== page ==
Salicylic Acid soluble in triglycerides?

I haven't worked much with SA, but my understanding is that it requires certain solvents to fully solubilize and prevent recrystallization. Even though it is an oil-soluble molecule, I was under the impression it doesn't really dissolve well in actual lipids like triglycerides. Am I mistaken?

This is the IL for a product that claims to have 2% Salicylic Acid, and I see none of the traditional solvents that SA dissolves best in. Is it possible to get that much SA solubilized in plant lipids? Maybe under certain conditions (heat, etc)? Thanks for the help!


(I tried searching but couldn't find the answer)

Corylus avellana (Hazel) Nut Oil, Vitis vinifera (Grape) Seed Oil, Caprylic Capric Triglycerides, Calendula officinalis Flower Extract, Camellia japonica (Camellia) Seed Oil, Squalane (Olive), Helianthus annuus (Sunflower) Seed Oil, Arnica montana (Arnica) Flower Extract, Lavandula angustifolia (Lavender) Flower Extract, Nigella sativa (Cumin) Seed Oil, Ubiquinone (CoQ10), Salicylic Acid, Tocopherol (Vitamin E MT50), Rosmarinus officinalis (Rosemary) CO2 Herb Extract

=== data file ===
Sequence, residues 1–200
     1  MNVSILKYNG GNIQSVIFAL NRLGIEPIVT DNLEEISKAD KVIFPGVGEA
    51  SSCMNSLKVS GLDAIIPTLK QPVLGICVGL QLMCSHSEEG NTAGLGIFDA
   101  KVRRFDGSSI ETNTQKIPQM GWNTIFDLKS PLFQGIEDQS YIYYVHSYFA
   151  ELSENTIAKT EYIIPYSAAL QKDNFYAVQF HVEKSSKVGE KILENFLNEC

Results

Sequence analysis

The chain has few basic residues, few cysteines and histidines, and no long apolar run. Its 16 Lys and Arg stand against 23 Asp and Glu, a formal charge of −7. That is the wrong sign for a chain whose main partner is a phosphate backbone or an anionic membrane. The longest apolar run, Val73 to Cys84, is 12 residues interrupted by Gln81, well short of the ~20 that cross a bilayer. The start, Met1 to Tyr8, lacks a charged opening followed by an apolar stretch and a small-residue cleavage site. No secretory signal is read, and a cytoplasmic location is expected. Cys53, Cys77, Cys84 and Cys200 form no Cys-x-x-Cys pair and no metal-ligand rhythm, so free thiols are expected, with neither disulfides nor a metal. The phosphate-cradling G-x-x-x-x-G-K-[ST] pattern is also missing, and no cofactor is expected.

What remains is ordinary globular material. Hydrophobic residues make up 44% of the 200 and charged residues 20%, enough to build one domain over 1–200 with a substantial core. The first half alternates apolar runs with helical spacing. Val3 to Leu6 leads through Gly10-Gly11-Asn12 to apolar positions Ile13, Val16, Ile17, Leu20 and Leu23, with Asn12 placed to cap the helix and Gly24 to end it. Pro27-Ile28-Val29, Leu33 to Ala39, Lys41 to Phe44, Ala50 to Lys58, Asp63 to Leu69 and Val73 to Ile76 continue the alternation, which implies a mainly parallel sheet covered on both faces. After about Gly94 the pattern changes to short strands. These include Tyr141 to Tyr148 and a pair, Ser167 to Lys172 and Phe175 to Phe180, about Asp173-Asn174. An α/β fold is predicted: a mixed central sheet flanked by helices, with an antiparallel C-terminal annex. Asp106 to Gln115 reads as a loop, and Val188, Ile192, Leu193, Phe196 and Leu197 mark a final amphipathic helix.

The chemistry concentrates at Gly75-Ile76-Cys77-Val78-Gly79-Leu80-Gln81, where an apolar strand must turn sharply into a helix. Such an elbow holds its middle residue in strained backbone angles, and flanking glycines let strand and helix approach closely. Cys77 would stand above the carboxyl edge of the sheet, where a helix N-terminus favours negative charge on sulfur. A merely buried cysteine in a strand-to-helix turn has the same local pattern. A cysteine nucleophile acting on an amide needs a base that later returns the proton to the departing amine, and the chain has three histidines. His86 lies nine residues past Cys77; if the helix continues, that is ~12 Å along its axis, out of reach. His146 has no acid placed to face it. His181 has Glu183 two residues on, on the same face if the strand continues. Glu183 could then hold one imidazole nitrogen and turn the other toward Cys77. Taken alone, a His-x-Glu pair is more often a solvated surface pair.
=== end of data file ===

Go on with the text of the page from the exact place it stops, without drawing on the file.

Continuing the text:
• I do not have a sample of this (yet) but the client says it has no crystals after sitting for months. I also question the SA content given the location on the IL (have not seen CoQ10 used at 2%+) but it is marketed as 2% all over the website. 
  • MarkBroussardMarkBroussard Member, Professional Chemist

    Yes, just heat the oils up and the SA will go right into solution and generally will be stable with no precipitation.
    Chemist/Microbiologist formulating in the Organic & Naturals & Clean Beauty arena under ECOCert/Natural Products Assn/Whole Foods/National Organic Program/Clean At Sephora/Credo Clean guidelines focused skincare & haircare products. 

    See website for details
  • Noted! Thank you, @MarkBroussard
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